Palestinian U.S. Congresswoman-to-be vows to vote against Israel aid

"I will be using my position in congress so that no country, not one, should be able to get aid from the US," she continued. "When they still promote that kind of injustice."

By YVETTE J. DEANE
August 14, 2018 20:36
1 minute read.
Rashida Tlaib on interview about Arab-Israeli Conflict (August 13, 2018).

Rashida Tlaib on interview about Arab-Israeli Conflict (August 13, 2018). . (photo credit: YOUTUBE SCREENSHOT)

 
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Rashida Tlaib, the soon-to-be first Muslim congresswoman in the United States, said that she would "absolutely" vote against military aid for Israel when questioned during an interview on Britian's Channel 4 News on Monday.

"Absolutely, if it has something to do with inequality and not access to people having justice. For me US aid should be leverage," said Tlaib.

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"I will be using my position in congress so that no country, not one, should be able to get aid from the US," she continued. "When they still promote that kind of injustice."



Tlaib also compared the Arab-Israeli conflict with the civil rights movement in Detroit.

"I grew up in Detroit where every single corner is a reminder of the civil rights movement," Talib responded when asked about her views on the Arab-Israeli conflict.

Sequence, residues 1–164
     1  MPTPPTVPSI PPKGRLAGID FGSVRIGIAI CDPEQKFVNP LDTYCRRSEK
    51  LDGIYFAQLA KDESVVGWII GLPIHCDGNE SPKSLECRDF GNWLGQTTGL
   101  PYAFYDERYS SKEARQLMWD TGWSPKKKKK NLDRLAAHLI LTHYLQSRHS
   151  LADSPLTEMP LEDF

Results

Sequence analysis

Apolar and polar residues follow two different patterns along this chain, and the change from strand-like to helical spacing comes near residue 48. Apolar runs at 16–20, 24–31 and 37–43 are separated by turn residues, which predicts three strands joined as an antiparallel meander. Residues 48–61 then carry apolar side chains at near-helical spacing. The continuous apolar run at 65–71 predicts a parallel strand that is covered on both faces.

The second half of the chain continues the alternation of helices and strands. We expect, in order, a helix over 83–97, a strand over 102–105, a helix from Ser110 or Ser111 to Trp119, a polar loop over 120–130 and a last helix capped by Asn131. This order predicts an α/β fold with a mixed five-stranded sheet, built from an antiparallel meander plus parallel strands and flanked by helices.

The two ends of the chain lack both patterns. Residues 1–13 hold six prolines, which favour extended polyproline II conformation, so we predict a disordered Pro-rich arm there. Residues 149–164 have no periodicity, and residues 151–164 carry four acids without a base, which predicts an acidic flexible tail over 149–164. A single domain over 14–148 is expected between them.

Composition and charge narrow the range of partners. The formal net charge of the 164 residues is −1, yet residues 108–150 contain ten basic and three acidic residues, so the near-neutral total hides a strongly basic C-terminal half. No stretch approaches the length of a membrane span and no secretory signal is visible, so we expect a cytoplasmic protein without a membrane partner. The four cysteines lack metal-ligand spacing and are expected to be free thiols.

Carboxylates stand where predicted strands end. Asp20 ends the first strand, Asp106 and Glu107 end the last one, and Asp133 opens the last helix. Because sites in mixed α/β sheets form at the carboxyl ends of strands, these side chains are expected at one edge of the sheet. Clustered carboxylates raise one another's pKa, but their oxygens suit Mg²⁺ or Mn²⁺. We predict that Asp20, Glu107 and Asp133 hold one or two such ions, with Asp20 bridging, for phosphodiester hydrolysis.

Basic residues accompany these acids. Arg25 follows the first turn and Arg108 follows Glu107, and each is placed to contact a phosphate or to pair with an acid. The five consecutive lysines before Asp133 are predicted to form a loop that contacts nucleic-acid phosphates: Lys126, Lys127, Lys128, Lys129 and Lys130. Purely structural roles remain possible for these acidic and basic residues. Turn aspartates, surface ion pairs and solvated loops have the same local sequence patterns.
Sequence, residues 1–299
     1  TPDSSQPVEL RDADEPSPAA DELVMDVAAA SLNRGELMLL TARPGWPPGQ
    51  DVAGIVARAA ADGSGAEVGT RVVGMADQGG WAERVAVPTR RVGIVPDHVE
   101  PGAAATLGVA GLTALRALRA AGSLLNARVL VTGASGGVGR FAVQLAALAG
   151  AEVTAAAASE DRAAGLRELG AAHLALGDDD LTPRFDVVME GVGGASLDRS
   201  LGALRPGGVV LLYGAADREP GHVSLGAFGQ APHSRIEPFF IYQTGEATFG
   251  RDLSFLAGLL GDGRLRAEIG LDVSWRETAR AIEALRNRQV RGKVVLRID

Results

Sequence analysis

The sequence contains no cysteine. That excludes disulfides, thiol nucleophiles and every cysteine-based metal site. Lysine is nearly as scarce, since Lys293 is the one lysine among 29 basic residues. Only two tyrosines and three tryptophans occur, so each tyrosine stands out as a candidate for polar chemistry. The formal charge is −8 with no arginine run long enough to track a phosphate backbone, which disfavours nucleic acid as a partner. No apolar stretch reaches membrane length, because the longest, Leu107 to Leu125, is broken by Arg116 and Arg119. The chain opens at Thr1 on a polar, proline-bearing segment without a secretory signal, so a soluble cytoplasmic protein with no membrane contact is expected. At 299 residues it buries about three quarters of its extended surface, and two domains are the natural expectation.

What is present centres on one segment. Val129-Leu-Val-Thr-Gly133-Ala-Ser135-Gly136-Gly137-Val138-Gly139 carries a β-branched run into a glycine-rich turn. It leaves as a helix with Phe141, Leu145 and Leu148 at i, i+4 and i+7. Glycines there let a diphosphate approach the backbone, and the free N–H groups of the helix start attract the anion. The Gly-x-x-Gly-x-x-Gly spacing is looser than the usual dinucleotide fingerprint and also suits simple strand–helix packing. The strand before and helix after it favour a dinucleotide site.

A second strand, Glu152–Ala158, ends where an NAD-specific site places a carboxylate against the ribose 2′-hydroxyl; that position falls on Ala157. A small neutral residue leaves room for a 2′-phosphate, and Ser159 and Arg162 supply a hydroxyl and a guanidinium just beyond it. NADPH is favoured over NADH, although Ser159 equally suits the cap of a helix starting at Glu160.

Talib also added about her views on the conflict that "So much is about let's choose a side. I am for making sure that every single person there has every right to thrive."

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The future congresswomen is a Detroit native and born to a family of Palestinian immigrants to the US.

On August 7, she won her district's Democratic nomination for Michigan's 13th Congressional district, encompassing parts of Detroit and surrounding suburbs and home to one of the largest Muslim and Arab-American populations in the United States.


Since no one ran in the Republican primary, Tlaib is poised to win the seat.

"This makes us proud - as the Tlaib family, residents of Beit Ur, as Palestinians, as Arabs and as Muslims, that a simple girl reaches such a position," said her uncle, Bassam Tlaib, after the win.

Tlaib's grandmother, aunts and uncles welcomed neighbors in the village of Beit Ur al-Fauqa in the West Bank, gathering near their single-story stone house beside a grove of olive trees to congratulate them on the historic win on August 8.

Reuters contributed to this report.

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